Possible relief for cellular capacity crunch

* In-building wireless architecture taps Ethernet for local backhaul

Mobile WAN operators are battling in-building coverage and network capacity problems that have generated a spate of unfavorable press. Start-up SpiderCloud Wireless, though, has emerged from stealth mode this week with an alternative in-building wireless platform it says can alleviate these problems for mobile operators' enterprise customers.

The company's Enterprise Radio Access Network (E-RAN) system mimics the enterprise Wi-Fi system architecture for building licensed indoor cellular networks. It essentially creates a self-contained mini version of the carrier's macro network indoors while supporting roaming and handoff between indoor and outdoor networks as users roam.

To achieve this, SpiderCloud's design puts a SmartCloud Services Node controller in an enterprise's wiring closet and distributes active SmartCloud Radio Nodes (SCRN) across one or more floors or a whole building. Each SCRN reuses spectrum to supply its own full-strength capacity, and the existing Ethernet network backhauls the wireless traffic.

The system is intended for use by operators who will deploy managed wireless services to enterprises by installing the SpiderCloud equipment on their customers' premises and managing it remotely. Operators who offer such services will be "putting the intelligence of the [operator's] core network right into the enterprise,"says Akshay Sharma, director for Gartner's carrier network infrastructure group.

The wireless carriers have been tinkering with various alternatives for boosting in-building voice signals and offloading the sudden volumes of 3G data generated by today's smartphones, aircards and dongles. Distributed antenna systems (DAS), used in concert with a picocell or other type of base station supplying the licensed signal source, are established in the largest of enterprises. They have thrived there because operators are frequently inclined to donate the base station in return for guaranteed increased cellular usage revenues.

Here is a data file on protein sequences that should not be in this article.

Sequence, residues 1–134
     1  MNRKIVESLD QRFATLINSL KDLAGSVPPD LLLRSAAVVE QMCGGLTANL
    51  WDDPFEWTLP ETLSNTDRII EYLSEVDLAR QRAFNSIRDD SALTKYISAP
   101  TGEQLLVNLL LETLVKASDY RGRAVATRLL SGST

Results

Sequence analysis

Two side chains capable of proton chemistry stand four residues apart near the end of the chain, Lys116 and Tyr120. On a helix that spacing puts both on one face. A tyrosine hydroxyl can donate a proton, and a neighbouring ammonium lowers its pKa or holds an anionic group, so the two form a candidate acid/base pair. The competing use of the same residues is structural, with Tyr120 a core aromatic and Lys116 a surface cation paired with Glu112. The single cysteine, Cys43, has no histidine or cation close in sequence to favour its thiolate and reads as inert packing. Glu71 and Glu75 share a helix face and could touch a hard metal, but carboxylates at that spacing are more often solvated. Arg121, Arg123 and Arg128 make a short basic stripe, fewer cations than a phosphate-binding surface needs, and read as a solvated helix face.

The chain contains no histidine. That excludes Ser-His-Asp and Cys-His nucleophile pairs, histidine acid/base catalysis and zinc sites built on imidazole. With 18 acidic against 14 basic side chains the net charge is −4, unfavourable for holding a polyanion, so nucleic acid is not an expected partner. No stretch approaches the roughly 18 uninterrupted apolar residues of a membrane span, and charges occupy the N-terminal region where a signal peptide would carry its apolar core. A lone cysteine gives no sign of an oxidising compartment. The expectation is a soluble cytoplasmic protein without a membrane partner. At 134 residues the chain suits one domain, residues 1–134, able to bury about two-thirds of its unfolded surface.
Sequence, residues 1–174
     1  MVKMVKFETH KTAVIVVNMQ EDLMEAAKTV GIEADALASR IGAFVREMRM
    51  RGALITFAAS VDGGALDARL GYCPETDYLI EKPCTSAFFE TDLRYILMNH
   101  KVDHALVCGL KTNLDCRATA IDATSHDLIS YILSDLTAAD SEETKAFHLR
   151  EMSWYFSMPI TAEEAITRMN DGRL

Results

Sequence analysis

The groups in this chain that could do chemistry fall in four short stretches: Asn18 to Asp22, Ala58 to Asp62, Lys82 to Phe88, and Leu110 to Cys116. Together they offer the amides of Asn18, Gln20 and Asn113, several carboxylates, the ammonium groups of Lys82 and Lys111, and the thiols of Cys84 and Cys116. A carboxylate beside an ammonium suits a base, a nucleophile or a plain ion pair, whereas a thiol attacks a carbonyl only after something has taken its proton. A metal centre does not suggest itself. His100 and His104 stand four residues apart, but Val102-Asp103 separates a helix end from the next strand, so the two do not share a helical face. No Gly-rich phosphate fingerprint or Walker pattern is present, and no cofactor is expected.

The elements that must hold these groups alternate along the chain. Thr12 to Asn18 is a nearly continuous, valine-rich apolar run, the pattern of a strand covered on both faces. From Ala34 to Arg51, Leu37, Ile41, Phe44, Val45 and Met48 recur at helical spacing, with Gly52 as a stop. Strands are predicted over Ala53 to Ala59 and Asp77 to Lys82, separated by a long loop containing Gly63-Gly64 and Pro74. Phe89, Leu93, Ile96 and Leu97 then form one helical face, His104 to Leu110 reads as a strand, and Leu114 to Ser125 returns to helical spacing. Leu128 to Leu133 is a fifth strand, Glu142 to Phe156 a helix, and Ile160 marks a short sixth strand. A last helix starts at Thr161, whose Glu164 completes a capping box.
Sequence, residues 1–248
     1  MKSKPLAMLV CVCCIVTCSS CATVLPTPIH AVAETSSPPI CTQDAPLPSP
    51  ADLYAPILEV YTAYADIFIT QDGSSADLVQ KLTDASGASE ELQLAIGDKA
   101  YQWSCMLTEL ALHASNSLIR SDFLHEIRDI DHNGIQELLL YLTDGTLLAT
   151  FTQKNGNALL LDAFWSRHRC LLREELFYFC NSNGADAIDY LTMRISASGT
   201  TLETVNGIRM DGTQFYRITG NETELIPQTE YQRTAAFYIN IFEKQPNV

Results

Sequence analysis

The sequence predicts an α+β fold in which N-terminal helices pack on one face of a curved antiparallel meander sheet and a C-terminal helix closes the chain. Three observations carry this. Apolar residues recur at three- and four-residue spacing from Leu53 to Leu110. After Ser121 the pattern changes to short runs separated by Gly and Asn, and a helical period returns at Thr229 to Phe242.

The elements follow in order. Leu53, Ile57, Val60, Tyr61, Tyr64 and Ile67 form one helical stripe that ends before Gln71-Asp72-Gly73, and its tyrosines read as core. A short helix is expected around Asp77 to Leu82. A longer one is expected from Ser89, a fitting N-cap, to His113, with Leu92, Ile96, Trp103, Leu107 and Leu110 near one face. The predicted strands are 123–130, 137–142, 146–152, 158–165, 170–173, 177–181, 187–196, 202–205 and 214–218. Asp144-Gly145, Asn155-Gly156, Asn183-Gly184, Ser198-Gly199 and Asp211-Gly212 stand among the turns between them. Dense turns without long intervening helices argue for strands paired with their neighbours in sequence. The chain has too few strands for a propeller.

Femtocells have been tested and successfully installed in some small indoor locations (residences and business sites up to 5,000 square feet). "But they have capacity issues," Sharma says. A femto supports "only a handful of concurrent calls and there are issues with remote management and end-to-end [quality of service]," he says.

Also, what about all the enterprises sized in between the smallest sites that can use femtos and the multinational corporations with DASs? And what about data traffic?

SpiderCloud, with executive management hailing from the likes of Cisco, Flarion Technologies, Juniper Networks and Qualcomm, is aiming to handle both voice and data inside the buildings of the forgotten enterprise masses. The company says that with its E-RAN system, mobile operators can deploy, control and manage High-Speed Packet Access, Long-Term Evolution and Wi-Fi wireless networks in any enterprise customer site with an Ethernet network. This avoids having to build a cabling infrastructure for a DAS and the interference problems that multiple femtocells can cause as coverage and capacity requirements grow.

SpiderCloud says its wireless platform, currently in beta with at least one European operator and slated to commercially ship in mid-2010, integrates not only with mobile operators' OSS and billing systems, but also with enterprise customers' IP PBXs for four-digit dialing, single-number reach and PBX feature extension to mobile phones.

By requiring no client software, the E-RAN network extends enterprise customers' voice and data applications to any standard handset or computing device, says Ronny Haraldsvik, the company's vice president of marketing.

The usual caveats apply when it comes to a start-up offering up a whole new solution to an industry-wide problem. Does the technology work? Will the company endure?

But Peter Jarich, service director at Current Analysis, says the most significant obstacles will be getting mobile operators to embrace managed services and convincing enterprises to trust them.

"I completely see [the E-RAN] as a contender for solving capacity and in-building coverage problems," he says. "But the whole concept of operators coming into the enterprise will be the biggest hurdle."

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